Counting down to bag ban: State law against single-use plastic bags kicks in Friday

·3 min read

Sep. 29—MOSES LAKE — Shopping is going to get a little more complicated — and perhaps annoying — as the state's ban on single-use plastic bags comes into effect on Friday.

According to a press release for the Department of Ecology, as of Oct. 1, retailers, restaurants, grocery stores and temporary sellers will no longer be allowed to give "single-use plastic carryout bags" to customers to carry their purchases.

Retailers will be required to charge customers 8 cents per bag to help them recoup the cost of more durable, reusable and legally compliant bags. The charge is not a tax, the press release said, and is kept entirely by the merchant as a way to recoup the costs of providing legal bags.

Single-use bags will still be allowed for meat and produce, prescriptions and dry cleaning, and will still be sold in stores to line trash cans, carry sandwiches and pick up dog waste, the Ecology release said.

But it means if you're going shopping, you'll need to remember to bring a bag with you. Or pay extra.

"We've not seen much demand yet, but the ban doesn't go into effect until Friday," said Alicia West, store manager at Settler's Natural Market in downtown Moses Lake, 118 W. Third Ave., on Tuesday.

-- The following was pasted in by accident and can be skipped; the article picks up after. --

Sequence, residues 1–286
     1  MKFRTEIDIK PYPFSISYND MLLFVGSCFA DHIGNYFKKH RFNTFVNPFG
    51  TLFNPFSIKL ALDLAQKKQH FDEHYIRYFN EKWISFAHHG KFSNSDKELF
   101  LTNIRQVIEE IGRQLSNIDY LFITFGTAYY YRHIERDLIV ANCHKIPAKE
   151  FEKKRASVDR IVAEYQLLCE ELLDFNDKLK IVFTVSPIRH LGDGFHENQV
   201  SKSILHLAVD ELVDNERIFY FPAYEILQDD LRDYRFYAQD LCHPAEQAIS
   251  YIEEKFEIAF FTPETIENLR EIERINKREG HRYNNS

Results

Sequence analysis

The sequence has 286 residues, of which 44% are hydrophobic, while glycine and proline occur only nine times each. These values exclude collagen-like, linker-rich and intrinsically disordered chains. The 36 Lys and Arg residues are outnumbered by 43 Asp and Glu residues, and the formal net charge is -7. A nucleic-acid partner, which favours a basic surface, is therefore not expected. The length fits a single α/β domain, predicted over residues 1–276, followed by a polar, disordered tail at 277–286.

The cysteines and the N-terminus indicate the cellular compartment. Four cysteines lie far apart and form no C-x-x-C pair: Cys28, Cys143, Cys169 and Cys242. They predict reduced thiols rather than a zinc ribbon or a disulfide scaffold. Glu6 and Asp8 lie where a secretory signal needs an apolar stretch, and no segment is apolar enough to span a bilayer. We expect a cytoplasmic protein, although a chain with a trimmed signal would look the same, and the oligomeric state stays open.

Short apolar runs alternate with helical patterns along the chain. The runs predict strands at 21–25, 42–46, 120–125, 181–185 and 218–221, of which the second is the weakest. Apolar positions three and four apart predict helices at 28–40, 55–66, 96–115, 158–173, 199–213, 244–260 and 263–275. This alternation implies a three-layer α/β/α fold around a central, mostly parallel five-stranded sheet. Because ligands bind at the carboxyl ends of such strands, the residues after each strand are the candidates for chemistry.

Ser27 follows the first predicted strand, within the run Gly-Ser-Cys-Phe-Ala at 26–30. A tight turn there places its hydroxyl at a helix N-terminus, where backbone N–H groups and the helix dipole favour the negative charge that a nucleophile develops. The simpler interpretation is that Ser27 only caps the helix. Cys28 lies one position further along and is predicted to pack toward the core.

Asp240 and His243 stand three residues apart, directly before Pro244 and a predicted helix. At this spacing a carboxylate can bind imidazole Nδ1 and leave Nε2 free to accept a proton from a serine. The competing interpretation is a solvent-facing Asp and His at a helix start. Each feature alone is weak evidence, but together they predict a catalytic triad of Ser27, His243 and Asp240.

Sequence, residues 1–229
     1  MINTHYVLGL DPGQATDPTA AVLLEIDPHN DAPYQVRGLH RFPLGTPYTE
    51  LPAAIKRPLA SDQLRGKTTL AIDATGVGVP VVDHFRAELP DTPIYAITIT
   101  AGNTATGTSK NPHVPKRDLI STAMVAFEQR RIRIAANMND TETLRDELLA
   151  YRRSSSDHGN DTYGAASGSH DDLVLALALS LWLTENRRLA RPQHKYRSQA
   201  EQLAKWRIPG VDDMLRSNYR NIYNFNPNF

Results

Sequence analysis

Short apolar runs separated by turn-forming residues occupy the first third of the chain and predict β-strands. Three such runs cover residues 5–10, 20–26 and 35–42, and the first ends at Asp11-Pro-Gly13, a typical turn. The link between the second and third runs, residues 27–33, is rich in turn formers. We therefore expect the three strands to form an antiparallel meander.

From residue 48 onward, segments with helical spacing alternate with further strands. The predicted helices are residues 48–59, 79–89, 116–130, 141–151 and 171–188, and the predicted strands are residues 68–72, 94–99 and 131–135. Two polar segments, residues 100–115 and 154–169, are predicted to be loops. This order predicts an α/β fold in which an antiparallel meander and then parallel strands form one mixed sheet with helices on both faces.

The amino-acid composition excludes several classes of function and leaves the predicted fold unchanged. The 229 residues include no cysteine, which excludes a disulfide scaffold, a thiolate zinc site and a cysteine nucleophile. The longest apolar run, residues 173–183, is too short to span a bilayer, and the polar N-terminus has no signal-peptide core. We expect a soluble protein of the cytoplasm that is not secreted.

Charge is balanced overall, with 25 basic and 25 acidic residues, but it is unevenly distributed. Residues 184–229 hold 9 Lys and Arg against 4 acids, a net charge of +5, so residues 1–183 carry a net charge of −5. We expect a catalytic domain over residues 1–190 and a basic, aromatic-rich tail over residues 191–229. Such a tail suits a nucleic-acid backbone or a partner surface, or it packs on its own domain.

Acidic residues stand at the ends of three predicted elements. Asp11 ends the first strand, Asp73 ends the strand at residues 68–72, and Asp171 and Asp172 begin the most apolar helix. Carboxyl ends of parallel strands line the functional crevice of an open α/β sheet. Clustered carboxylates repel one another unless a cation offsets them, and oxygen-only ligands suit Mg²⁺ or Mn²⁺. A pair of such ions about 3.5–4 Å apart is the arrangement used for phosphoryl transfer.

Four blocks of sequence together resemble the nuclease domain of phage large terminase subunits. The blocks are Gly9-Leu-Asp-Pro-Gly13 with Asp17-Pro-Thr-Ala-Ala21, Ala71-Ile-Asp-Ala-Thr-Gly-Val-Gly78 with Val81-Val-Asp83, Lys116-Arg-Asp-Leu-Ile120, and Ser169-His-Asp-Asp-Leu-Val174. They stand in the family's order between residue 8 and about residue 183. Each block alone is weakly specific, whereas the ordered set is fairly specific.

West said Settler's sells reusable bags, some of which are made from recycled plastic water bottles and can be compressed into tiny little carry sacks, from $7 to around $12 for the larger bags.

They're a little expensive, West said, adding that Settler's hopes to be able to lower the price if it can sell more.

"We are looking into buying in bigger quantities, because they're going to be popular now," she said. "We could get a break on the price and offer them more competitively."

Other retailers likewise have been introducing various designs of reusable bags as the effective date for Washington's new law approached.

In its press release, Ecology noted single-use plastic bags are "a source of pollution that threatens human health, wildlife and the environment," and that the state's recycling system is cluttered with plastic bags that can clog up sorting machines and threaten worker safety.

"Reducing their use will protect the state's rivers and streams, help its recycling system run more efficiently, and contribute to a growing culture of waste reduction and reuse," the press release said.

The law was originally set to go into effect on Jan. 1, 2021, but the coronavirus pandemic caused a delay. Gov. Jay Inslee on Dec. 18, 2020, ordered implementation of the law delayed under his declared state of emergency. Reasons given for the governor's proclamation included: increased demand for paper and thicker plastic bags, due to increased demand for takeout and groceries; retailers asking customers not to bring bags from home, to protect workers; and manufacturers switching their facilities from thick plastic bags to hospital gowns and other personal protective equipment, states the governor's website.

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